The Boston Public Library is digitizing around 8,000 negatives taken by Boston press photographers from the 1930s through the 1960s.
Benjamin Franklin, Boston native
Before Before Benjamin Franklin was a Founding Father of the United States, he was living and learning in Boston, Massachusetts.
Sifting through history
The archaeology team was at the Pierce-Hichborn site in May, digging up dirt and sifting through artifacts.
Revolutionary War artifacts
A look at Boston artifacts from the Revolutionary War, including a brick from the powder house, musket ball, gunflint, and cannonball.
Native American artifacts
A look at Native American artifacts from 400 to 1,000 years ago.
Unraveling the mystery of a shipwreck found in the Seaport.
A look at one of the biggest collections in the City of Boston Archives: tax records.
Abandoned subway tunnel under City Hall
For the first time since it closed in the 1960s, the abandoned subway tunnel under City Hall Plaza was opened to the public on May 21, 2018.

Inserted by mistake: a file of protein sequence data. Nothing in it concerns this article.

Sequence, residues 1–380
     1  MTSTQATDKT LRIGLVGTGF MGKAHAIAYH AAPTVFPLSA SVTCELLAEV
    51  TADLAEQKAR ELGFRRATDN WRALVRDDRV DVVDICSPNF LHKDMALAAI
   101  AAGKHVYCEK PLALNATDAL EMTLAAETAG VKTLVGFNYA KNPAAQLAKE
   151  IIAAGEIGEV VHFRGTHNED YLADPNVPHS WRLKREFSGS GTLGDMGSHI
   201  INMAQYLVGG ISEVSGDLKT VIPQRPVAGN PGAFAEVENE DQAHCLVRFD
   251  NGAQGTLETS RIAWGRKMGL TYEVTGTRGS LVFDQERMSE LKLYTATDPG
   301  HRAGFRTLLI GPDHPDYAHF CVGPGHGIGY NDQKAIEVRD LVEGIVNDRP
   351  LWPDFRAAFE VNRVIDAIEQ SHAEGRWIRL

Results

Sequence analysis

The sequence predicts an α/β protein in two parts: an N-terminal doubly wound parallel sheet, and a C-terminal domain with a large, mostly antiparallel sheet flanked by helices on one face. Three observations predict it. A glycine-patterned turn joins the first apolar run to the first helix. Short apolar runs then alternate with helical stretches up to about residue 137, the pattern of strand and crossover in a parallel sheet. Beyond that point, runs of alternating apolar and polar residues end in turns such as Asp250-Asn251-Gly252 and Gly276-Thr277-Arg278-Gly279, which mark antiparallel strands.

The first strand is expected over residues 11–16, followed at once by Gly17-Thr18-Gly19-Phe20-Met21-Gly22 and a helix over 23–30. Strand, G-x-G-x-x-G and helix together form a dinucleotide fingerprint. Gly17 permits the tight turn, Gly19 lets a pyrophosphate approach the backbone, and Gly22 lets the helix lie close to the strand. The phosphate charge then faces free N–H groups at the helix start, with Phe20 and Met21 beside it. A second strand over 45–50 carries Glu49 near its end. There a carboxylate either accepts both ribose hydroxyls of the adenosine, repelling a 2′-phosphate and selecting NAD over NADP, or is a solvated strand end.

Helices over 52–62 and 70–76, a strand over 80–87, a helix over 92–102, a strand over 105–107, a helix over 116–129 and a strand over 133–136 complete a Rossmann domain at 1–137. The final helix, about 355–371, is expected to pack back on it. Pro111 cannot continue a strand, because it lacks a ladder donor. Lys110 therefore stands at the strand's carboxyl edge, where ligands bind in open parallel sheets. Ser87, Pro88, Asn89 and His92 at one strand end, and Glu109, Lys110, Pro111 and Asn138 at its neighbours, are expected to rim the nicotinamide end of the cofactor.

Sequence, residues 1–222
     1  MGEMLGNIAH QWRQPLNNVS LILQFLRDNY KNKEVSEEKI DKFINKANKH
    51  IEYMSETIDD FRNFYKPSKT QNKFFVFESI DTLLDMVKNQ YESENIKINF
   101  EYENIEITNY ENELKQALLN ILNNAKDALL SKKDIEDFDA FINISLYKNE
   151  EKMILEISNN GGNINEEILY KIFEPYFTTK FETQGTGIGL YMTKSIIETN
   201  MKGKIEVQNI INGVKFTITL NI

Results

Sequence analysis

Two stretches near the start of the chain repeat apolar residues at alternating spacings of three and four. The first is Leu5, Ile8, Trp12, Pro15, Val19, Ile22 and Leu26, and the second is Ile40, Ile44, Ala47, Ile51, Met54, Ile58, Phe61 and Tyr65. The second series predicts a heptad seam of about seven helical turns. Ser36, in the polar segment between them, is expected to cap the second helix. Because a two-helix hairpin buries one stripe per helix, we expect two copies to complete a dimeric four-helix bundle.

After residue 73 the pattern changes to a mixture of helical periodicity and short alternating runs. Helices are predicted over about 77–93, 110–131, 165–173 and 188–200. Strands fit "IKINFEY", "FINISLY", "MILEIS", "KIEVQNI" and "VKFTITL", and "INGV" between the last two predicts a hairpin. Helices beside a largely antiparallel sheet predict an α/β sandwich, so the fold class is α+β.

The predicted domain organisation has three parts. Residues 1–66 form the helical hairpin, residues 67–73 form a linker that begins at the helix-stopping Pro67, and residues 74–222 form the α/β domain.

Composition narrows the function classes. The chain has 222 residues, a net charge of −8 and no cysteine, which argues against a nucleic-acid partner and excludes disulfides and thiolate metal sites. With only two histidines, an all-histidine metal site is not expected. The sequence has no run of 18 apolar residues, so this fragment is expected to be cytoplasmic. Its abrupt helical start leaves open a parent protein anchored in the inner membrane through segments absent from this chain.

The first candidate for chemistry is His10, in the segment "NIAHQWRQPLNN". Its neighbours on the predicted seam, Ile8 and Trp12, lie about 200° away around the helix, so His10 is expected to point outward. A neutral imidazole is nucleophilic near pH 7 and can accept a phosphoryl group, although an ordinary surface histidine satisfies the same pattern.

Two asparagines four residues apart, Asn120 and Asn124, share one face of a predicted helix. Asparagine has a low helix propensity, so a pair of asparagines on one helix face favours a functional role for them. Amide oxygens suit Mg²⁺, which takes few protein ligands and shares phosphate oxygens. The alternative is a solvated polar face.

300 years of artifacts found in the North End
The City's Archaeology team spent some time at the Pierce-Hichborn site, digging through 300 years of artifacts. From bones to buttons, here's a look at what they found.
Rare find at the Pierce-Hichborn house
An artifact with King William III's face on it found during a dig in the North End.
City Hall groundbreaking
A look back at the 1963 groundbreaking of City Hall.
Dorchester School for Girls
For much of its history, the Dorchester School for Girls was occupied by up to 30 girls age 6-15. On this week's Boston Uncovered, take a look at artifacts from the 1800s that were uncovered during an archaeological dig.
North Street petition
Paul Revere and North Street residents band together to fight a sewer issue.
Ceramics from Puritan Boston
A look at ceramics from around the world uncovered in Boston.
Women's voting registry
A look at the voting records from 1920, when women were granted the right to vote.
300-year-old gravestone found
Hear the story of a 300-year-old gravestone found during a construction project in Boston.
Uncovering Boston's history
It’s no secret Boston is rich with history. From the American Revolution to the site of the very first public school, it’s a city with stories to tell.Visit the guide page